The FASB approach to accounting for employee benefits spread quickly around the world because overseas subsidiaries of U.S. companies as well as non-U.S. companies wishing to do business or raise capital in the U.S. were required to report on that basis. Over the years, other countries adopted their own accounting standards for employee benefits that looked similar to the SFAS statements. In particular, Canada, Mexico and Japan followed the lead of the U.S.
Some observers felt that SFAS 87 as originally written allowed too much smoothing of changes in asset and liability values due to economic market fluctuations. Under the standard, employers are allowed to systematically recognize asset gains or losses over a period of up to five years when determining the market-related value of assets used for determining the return on assets component of the net periodic benefits cost.
Smoothing is also employed for gains or losses from both assets and liabilities, which must be recognized only to the extent that the net value exceeds 10 percent of the greater of assets and the projected benefit obligation, or PBO. In addition, the net value outside this corridor is further smoothed by gradually recognizing it in pension expense over the average expected working period of the covered employees assumed to benefit under the plan.
Primarily due to the extended bull markets of the 1990s, another criticism of SFAS 87 has surfaced over the last few years. When pension plans become well funded, an employer may actually have net periodic pension income and build up a prepaid pension cost as an asset on the balance sheet.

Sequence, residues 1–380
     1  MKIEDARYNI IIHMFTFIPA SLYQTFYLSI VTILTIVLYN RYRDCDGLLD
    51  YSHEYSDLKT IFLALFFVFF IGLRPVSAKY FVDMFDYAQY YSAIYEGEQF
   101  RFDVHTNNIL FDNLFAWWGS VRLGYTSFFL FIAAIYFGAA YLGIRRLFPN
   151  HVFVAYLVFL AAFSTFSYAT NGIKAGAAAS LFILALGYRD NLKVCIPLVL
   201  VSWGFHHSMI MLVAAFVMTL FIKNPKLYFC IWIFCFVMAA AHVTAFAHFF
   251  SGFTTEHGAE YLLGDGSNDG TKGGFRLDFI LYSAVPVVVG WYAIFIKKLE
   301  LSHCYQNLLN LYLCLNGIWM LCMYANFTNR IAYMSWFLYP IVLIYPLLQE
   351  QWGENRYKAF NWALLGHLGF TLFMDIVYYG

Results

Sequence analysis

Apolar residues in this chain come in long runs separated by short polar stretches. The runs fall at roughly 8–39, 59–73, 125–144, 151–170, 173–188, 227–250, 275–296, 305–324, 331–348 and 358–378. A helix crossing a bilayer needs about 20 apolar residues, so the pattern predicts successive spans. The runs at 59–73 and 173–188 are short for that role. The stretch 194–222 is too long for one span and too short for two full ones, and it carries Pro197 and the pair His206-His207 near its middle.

In the last few years, this created front-page headlines in the U.S. about large companies “inflating” their earnings by using pension income. This increased the pressure for more transparent accounting for benefits in the U.S.
In 1985, the predecessor to the International Accounting Standards Board introduced its version of an accounting standard for employee benefits (IAS 19). Some employers in countries with no formal accounting standards now use IAS 19. The standard was modified over the years, most significantly in 1998, so that the current version closely resembles the FASB approach, while attempting to address some of the perceived shortcomings of the FASB statements.
In particular, the standard places a limit on the buildup of a net pension asset on an organization’s balance sheet. Also, prior service costs are recognized over the period until benefits covered by a plan amendment are vested (in many cases, this may mean immediate recognition). Table 1 compares the primary provisions of the different standards.
The types of benefits covered by IAS 19 are quite broad. In general, post-employment benefits are included in the standard, as well as such benefits as vacations and sick leave. Because IAS 19 is intended to apply internationally, the IASB did a better job of anticipating the variety of benefits typically encountered outside North America.
In Regulation 1606/2002, the European Union has prescribed that International Accounting Standards will be required for the accounts of publicly traded employers in member countries starting in 2005, or 2007 in some cases. Other non-publicly traded employers may report under national accounting standards if such standards exist.